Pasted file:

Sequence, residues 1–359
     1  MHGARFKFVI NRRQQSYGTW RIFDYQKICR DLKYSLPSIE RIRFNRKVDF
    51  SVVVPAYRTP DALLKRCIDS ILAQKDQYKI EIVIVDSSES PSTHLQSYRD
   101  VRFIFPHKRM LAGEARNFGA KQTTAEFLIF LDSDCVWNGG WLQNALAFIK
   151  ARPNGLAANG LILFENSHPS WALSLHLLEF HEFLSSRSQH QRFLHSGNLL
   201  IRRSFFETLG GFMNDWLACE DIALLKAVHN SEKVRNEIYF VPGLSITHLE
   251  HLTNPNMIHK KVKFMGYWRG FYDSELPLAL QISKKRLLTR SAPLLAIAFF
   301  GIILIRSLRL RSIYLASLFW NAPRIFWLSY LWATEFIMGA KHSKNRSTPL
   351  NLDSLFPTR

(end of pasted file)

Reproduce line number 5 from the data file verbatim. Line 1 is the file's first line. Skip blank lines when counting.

   151  ARPNGLAANG LILFENSHPS WALSLHLLEF HEFLSSRSQH QRFLHSGNLL